Did you know that 80% of the adult population will suffer from low back pain at some point in their lives?
What surprises me is that this statistic isn’t even higher… after all, who hasn’t experienced aches and pains after a day working in the garden? Thankfully, for most of us it’s usually short-lived and nothing a warm bath and rest can’t sort out.
Generally, if back pain persists for more than a few days many of us will seek the advice of a GP, or Physio or Osteopath for treatment. This is a really sensible thing to do as it can highlight any serious underlying cause. However, in the vast majority of cases the back will get better on its own within 6 weeks, without any intervention.
As debilitating as it can be, persistent back pain only really becomes a problem when it goes on for longer than 6 weeks. Thankfully, gone are the days when treatment involved lying on your back for days on end. In fact, research has shown that more than one day in bed is actually detrimental to recovery, due to the joints stiffening. What can really help is a regular programme of appropriate and specific exercise and this is underlined by the National Institute for Health and Care Excellence (NICE) guidelines.
In evolutionary terms it’s still a relatively short time since we changed from walking on all fours, to two feet. Some experts believe that when humans began to migrate across land, it was more energy efficient to walk in a upright position in order to cover longer distances. Whilst the human body has adapted to some degree, this lasting legacy may be that mechanically, as the body weight bears down on two points rather than four, the skeleton has become more prone to knee and lower back problems. Personally, I can’t help but feel that our modern lifestyle choices have a larger part to play. Many of us are stuck in sedentary jobs, commuting long journeys and probably far less active than generations before us. How many of us regularly move three dimensionally? (Think of a dancer twirling, extending and stretching in all directions). Eminent movement therapist and author, Mary Bond (The New Rules of Posture) believes that we have a natural plasticity that is stimulated by moving in this way and advises stretching our skin suit regularly to maintain a supple and flexible body. Sit in a chair too long and you will become stiff and ‘chair shaped’!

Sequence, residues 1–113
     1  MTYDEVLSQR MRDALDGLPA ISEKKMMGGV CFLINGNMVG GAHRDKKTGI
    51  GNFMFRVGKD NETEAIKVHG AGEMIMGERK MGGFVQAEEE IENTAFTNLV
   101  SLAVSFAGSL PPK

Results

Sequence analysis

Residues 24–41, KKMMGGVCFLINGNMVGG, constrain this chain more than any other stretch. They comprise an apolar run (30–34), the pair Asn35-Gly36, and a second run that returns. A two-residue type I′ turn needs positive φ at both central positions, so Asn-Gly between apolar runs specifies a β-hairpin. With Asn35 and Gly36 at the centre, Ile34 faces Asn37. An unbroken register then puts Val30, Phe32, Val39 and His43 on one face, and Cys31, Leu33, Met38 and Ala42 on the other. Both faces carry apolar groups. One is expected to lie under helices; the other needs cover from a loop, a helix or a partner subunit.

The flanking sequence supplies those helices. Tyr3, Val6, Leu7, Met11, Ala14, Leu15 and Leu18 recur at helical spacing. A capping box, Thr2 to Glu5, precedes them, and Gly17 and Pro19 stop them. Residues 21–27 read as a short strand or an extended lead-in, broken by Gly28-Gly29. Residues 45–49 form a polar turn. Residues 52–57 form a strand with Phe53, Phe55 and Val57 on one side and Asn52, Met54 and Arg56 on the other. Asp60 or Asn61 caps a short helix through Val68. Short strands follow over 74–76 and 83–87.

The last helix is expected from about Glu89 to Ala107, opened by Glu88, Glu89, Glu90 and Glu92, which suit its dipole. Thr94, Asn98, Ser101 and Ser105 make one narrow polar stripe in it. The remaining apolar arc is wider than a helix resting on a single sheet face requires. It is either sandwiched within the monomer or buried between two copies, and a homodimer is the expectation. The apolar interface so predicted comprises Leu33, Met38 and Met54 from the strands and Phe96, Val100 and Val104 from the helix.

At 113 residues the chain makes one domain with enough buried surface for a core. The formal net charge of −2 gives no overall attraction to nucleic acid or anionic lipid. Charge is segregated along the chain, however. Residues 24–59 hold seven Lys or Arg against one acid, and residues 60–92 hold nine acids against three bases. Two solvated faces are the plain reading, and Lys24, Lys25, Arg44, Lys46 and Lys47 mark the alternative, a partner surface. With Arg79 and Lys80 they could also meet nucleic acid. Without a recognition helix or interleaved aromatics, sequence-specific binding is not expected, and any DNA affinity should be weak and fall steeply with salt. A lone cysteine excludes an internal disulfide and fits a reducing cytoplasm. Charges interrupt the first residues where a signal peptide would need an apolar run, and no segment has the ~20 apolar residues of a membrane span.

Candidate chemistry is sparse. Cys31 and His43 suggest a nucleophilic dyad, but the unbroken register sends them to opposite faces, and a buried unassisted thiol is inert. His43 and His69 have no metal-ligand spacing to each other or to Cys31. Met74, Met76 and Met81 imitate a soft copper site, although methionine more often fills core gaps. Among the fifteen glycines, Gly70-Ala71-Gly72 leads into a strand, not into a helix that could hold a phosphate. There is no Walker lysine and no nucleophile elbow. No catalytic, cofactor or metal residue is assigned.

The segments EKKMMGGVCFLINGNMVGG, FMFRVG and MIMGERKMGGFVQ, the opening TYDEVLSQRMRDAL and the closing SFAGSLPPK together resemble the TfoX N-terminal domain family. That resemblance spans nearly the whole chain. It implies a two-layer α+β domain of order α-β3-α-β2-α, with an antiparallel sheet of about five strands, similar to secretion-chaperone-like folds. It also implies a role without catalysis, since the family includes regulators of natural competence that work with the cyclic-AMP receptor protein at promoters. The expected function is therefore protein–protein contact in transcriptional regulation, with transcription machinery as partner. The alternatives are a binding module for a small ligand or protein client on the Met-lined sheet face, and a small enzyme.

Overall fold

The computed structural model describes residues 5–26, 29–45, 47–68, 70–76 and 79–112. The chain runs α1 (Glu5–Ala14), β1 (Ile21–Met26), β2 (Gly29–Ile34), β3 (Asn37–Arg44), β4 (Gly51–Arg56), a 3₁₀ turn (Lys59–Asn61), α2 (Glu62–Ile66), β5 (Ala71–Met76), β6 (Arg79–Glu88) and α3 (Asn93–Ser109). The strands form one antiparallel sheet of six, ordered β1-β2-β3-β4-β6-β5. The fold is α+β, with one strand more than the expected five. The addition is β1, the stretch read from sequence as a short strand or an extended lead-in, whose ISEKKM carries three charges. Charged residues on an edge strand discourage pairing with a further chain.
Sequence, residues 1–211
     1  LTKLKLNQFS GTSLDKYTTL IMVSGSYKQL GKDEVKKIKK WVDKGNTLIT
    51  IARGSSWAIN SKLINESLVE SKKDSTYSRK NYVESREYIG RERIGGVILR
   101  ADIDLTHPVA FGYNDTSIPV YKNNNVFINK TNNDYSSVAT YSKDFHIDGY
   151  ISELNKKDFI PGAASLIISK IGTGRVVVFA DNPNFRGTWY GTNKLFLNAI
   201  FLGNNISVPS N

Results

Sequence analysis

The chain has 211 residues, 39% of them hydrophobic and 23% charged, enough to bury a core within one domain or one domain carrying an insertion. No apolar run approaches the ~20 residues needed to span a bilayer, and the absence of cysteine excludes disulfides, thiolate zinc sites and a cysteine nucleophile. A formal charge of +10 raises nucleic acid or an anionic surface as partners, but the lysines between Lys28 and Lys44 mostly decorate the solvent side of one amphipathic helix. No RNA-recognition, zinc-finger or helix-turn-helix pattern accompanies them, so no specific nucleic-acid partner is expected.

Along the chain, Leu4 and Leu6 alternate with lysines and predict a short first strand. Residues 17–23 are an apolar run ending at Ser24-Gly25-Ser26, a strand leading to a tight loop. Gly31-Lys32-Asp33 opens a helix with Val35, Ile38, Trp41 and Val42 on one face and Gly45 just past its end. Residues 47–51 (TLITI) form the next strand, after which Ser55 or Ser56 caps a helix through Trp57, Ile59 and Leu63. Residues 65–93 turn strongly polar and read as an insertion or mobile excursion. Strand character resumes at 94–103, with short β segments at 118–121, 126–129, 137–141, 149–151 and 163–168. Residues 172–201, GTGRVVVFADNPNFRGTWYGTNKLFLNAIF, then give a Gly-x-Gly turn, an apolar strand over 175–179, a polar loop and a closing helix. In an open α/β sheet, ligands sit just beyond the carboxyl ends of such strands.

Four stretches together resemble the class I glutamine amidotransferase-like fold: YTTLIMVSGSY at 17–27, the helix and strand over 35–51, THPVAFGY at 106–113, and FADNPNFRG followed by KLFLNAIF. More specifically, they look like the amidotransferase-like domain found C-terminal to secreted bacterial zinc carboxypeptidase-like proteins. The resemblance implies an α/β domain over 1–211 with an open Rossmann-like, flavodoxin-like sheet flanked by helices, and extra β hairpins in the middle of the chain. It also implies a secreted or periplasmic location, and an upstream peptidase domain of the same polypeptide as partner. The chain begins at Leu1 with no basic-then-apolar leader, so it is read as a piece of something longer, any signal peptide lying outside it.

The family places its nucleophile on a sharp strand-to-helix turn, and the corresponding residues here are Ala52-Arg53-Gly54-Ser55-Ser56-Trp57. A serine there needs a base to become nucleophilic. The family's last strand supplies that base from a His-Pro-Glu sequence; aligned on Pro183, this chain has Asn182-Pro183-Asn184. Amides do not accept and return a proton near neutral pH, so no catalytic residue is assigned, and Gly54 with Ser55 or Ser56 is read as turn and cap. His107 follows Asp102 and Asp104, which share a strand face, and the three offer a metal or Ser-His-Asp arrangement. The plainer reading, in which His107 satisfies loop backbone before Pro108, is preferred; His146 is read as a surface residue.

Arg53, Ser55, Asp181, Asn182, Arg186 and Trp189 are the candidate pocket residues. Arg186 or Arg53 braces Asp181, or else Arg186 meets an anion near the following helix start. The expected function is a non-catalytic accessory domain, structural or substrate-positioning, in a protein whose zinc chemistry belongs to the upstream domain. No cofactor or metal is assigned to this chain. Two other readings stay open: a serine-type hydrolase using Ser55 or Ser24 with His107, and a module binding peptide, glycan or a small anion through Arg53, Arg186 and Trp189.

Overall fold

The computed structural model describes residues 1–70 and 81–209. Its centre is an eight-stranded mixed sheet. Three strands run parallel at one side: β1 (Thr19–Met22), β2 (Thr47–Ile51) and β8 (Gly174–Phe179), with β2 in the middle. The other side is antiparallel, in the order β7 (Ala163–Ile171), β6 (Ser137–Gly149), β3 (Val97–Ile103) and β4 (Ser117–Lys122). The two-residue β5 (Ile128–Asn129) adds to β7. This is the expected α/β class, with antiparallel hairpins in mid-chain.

Body Control Pilates, Europe’s foremost Pilates organisation, together with leading back specialists have recently developed the Back4Good programme. These Pilates based, multi-plane exercises are gentle, effective and low back specific. They will help you to strengthen your core muscles and re-set poor postural habits. In essence you will learn to control what to move and what to keep still!
If you suffer from low back pain and have received the go ahead from your medical practitioner, why not check out our Back4Good Courses and discover how movement can heal?